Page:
Georgia Is Discriminating Against Puerto Ricans Trying To Get Driver’s Licenses With A Cultural Questionnaire
Georgia has been requiring Puerto Rican natives seeking Georgia driver’s licenses to answer a special set of questions such as “identifying ‘what a meat filled with plantain fritter’ is called; where a specific beach is located; and ‘the name of the frog native only to Puerto Rico,’” according to a lawsuit filed against the state this week.
A Puerto Rican man has filed a lawsuit against Georgia for alleged discrimination and voter suppression.
A man is accusing Georgia of discriminating with driver’s licenses and requiring Puerto Ricans to answer trivia questions about fritters, frogs, hillbilly hats, baseball players and customs on their native island.
The lawsuit, filed Tuesday in the US District Court for Northern Georgia, accuses the state’s Department of Driver Services (DDS) of violating the Civil Rights Act by engaging in “race-based stereotyping and implicit bias against Puerto Ricans.”
The lawsuit says Georgia holds residents of Puerto Rico, who are American citizens, to more stringent requirements than it does transplants from American states or the District of Colombia.
The quiz and other discriminatory practices prevent Puerto Ricans living in Georgia from traveling to work, school, and even doctor appointments. They also subject Puerto Ricans to the threat of a $500 fine and a year in prison if they drive without a license, the lawsuit says.
LatinoJustice obtained a copy of the quiz questions and shared them in a report.
A DDS document titled “Puerto Rican Interview Guide,” provided to CNN by LatinoJustice, includes numerous questions about the island, some of them are allegedly trick questions. Among them:
- How long is the San Juan-Fajardo train ride? (There is no train.)
- Who is Roberto Clemente?
- What is the name of the frog native only to PR?
- What is a pava?
- What is alcapurria?
- How do you celebrate San Juan Day?
A note in the interview guide says the questions are designed to better identify possible Puerto Ricans and discourage fraud. “While this guide can in no way positively determine if a person was born in or lived in Puerto Rico, it will help determine if the individual has a normal base of knowledge of their claimed birthplace,” it says.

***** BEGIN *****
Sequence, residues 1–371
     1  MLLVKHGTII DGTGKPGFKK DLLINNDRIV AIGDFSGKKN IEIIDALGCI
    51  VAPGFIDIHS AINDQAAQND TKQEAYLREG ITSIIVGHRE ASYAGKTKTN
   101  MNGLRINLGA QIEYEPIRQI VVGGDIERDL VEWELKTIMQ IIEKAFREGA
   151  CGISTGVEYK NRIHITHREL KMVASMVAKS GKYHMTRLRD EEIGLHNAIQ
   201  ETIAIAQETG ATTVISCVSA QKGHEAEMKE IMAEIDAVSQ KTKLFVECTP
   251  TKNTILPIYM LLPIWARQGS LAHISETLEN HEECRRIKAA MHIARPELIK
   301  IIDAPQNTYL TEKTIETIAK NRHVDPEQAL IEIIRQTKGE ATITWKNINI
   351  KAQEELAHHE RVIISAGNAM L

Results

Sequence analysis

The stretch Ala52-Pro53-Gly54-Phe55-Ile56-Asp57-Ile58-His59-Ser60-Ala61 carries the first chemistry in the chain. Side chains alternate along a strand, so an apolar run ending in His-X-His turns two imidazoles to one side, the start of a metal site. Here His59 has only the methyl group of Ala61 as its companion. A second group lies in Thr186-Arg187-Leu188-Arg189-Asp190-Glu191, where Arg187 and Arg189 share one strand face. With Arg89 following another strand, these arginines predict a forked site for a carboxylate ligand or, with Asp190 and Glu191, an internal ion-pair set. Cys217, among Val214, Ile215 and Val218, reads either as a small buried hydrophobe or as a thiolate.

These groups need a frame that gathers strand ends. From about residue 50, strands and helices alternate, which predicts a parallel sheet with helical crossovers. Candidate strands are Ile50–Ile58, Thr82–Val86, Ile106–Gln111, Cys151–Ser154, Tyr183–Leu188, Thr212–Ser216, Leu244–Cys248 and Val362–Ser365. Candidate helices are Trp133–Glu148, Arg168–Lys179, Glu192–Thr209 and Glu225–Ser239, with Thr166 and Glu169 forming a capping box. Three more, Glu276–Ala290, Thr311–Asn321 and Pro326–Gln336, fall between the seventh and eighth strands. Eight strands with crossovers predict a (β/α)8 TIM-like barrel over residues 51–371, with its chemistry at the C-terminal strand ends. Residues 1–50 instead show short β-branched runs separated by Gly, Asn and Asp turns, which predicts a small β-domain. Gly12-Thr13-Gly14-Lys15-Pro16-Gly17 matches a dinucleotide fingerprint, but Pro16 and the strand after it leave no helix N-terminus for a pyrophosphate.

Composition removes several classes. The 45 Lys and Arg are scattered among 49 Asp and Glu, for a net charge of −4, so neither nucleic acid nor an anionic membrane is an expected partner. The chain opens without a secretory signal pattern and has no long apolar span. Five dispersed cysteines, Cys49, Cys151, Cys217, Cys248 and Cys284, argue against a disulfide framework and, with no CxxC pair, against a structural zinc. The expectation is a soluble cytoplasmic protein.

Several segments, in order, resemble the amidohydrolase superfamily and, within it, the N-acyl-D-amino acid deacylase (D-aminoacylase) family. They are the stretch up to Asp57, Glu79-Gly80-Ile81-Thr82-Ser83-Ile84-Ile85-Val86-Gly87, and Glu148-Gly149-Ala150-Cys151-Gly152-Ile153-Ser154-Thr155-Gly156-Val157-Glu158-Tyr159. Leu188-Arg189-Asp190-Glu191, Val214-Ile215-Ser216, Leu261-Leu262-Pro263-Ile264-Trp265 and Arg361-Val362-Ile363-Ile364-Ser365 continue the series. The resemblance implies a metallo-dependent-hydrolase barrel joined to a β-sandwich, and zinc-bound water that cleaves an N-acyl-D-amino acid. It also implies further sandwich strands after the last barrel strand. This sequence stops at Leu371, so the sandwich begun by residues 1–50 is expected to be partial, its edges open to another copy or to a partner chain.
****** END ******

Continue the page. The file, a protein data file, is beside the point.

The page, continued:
Many on Twitter were using this as yet another example of Puerto Ricans being treated as second-class citizens.
“Puerto Ricans who are trying to start a new life in Georgia deserve access to the same benefits that are afforded to other citizens of the United States,” LatinoJustice PRLDEF attorney Jorge Vasquez said in a statement.
Driver’s licenses and identification cards issued in Puerto Rico aren’t subject to the same reciprocity extended to those issued in other states, the lawsuit says. Puerto Rico driver’s license holders must successfully pass the written and road exams to get a driver’s license, unlike other out-of-state license holders.
While others pointed out the shocking resemblance to a time when segregation was still a thing.
“The so-called quiz, applied to Puerto Rican drivers, bears a strikingly disturbing resemblance to the tests applied by segregationists to block voter registration of people of color,” Southern Center attorney Gerry Weber said.
Meanwhile, Puerto Rico’s governor has come out swinging against the possible acts of state-sanctioned discrimination.
Puerto Rico Gov. Ricardo Rosselló has weighed in, calling the alleged special requirements “absurd” and demanding that Puerto Ricans receive equal treatment in all US jurisdictions.
“If true, I ask Georgia Governor Brian Kemp to address the disturbing irregularities immediately,” Rosselló said in a statement. “The U.S. citizens of Puerto Rico cannot be subject to illogical and illegal requirements when procuring government services.”
There are more than 93,000 Puerto Ricans living in Georgia, according to the 2017 census estimate.
To many, this is just another sign of Puerto Ricans having to work extra hard to prove themselves as American citizens.
Other examples of Georgia’s allegedly discriminatory practices include refusing to accept any birth certificate issued in Puerto Rico before July 2010 and flagging Puerto Rican birth certificates for fraud review, the lawsuit states.